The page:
£18000 - £23000 per annum + OTE: SThree: SThree Group has been well establishe...

Day In a Page

The difference between America and Israel? There isn’t one

The difference between America and Israel? There isn’t one

Netanyahu knows he can get away with anything in America, says Robert Fisk
Families clubbing together to build their own affordable accommodation

Do It Yourself approach to securing a new house

Community land trusts marking a new trend for taking the initiative away from developers
Head of WWF UK: We didn’t send Cameron to the Arctic to see green ideas freeze

David Nussbaum: We didn’t send Cameron to the Arctic to see green ideas freeze

The head of WWF UK remains sanguine despite the Government’s failure to live up to its pledges on the environment
Author Kazuo Ishiguro on being inspired by shoot-outs and samurai

Author Kazuo Ishiguro on being inspired by shoot-outs and samurai

Set in a mythologised 5th-century Britain, ‘The Buried Giant’ is a strange beast
With money, corruption and drugs, this monk fears Buddhism in Thailand is a ‘poisoned fruit’

Money, corruption and drugs

The monk who fears Buddhism in Thailand is a ‘poisoned fruit’
America's first slavery museum established at Django Unchained plantation - 150 years after slavery outlawed

150 years after it was outlawed...

... America's first slavery museum is established in Louisiana
Kelly Clarkson: How I snubbed Simon Cowell and become a Grammy-winning superstar

Kelly Clarkson: How I snubbed Simon Cowell and become a Grammy-winning superstar

The first 'American Idol' winner on how she manages to remain her own woman – Jane Austen fascination and all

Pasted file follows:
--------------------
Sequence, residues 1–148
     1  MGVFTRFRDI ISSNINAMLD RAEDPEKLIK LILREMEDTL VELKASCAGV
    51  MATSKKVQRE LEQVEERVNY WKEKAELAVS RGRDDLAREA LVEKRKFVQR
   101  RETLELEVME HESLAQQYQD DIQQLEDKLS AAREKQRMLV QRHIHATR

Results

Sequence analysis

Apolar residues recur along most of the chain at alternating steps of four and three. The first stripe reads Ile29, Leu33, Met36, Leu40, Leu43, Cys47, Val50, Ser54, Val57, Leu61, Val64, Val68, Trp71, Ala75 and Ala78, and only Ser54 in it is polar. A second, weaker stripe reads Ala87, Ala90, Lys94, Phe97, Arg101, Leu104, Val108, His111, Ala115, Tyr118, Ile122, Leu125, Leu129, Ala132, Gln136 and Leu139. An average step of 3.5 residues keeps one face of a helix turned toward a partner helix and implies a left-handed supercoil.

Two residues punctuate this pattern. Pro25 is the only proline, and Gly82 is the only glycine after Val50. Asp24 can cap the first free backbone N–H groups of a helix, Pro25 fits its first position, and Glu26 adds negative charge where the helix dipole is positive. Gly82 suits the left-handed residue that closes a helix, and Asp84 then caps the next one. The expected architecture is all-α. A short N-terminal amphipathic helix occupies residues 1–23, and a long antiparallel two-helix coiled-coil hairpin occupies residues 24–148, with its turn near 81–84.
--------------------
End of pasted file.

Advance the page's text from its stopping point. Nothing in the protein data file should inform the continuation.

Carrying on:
Tony Oursler on exploring our uneasy relationship with technology with his new show

You won't believe your eyes

Tony Oursler's new show explores our uneasy relationship with technology. He's one of a growing number of artists with that preoccupation
Ian Herbert: Peter Moores must go. He should never have been brought back to fail again

Moores must go. He should never have been brought back to fail again

The England coach leaves players to find solutions - which makes you wonder where he adds value, says Ian Herbert
War with Isis: Fears that the looming battle for Mosul will unleash 'a million refugees'

The battle for Mosul will unleash 'a million refugees'

Aid agencies prepare for vast exodus following planned Iraqi offensive against the Isis-held city, reports Patrick Cockburn
Yvette Cooper: We can't lose the election. There's too much on the line

Yvette Cooper: We can't lose the election. There's too much on the line

The shadow Home Secretary on fighting radical Islam, protecting children, and why anyone in Labour who's thinking beyond May must 'sort themselves out'
A bad week for the Greens: Leader Natalie Bennett's 'car crash' radio interview is followed by Brighton council's failure to set a budget due to infighting

It's not easy being Green

After a bad week in which its leader had a public meltdown and its only city council couldn't agree on a budget vote, what next for the alternative party? It's over to Caroline Lucas to find out
Gorillas nearly missed: BBC producers didn't want to broadcast Sir David Attenborough's famed Rwandan encounter

Gorillas nearly missed

BBC producers didn't want to broadcast Sir David Attenborough's famed Rwandan encounter
Downton Abbey effect sees impoverished Italian nobles inspired to open their doors to paying guests for up to €650 a night

The Downton Abbey effect

Impoverished Italian nobles are opening their doors to paying guests, inspired by the TV drama
China's wild panda numbers have increased by 17% since 2003, new census reveals

China's wild panda numbers on the up

New census reveals 17% since 2003